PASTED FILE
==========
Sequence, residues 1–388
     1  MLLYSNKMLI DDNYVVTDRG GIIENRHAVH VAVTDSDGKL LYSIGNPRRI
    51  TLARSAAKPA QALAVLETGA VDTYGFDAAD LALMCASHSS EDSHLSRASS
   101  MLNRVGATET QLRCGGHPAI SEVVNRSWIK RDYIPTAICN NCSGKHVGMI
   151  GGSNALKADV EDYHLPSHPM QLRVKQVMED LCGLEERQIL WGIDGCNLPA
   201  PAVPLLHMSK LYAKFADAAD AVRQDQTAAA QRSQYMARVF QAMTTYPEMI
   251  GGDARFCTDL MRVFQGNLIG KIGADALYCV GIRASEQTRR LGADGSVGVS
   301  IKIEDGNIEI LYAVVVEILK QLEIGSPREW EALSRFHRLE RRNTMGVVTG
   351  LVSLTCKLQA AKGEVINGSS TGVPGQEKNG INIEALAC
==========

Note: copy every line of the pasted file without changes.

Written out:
Sequence, residues 1–388
     1  MLLYSNKMLI DDNYVVTDRG GIIENRHAVH VAVTDSDGKL LYSIGNPRRI
    51  TLARSAAKPA QALAVLETGA VDTYGFDAAD LALMCASHSS EDSHLSRASS
   101  MLNRVGATET QLRCGGHPAI SEVVNRSWIK RDYIPTAICN NCSGKHVGMI
   151  GGSNALKADV EDYHLPSHPM QLRVKQVMED LCGLEERQIL WGIDGCNLPA
   201  PAVPLLHMSK LYAKFADAAD AVRQDQTAAA QRSQYMARVF QAMTTYPEMI
   251  GGDARFCTDL MRVFQGNLIG KIGADALYCV GIRASEQTRR LGADGSVGVS
   301  IKIEDGNIEI LYAVVVEILK QLEIGSPREW EALSRFHRLE RRNTMGVVTG
   351  LVSLTCKLQA AKGEVINGSS TGVPGQEKNG INIEALAC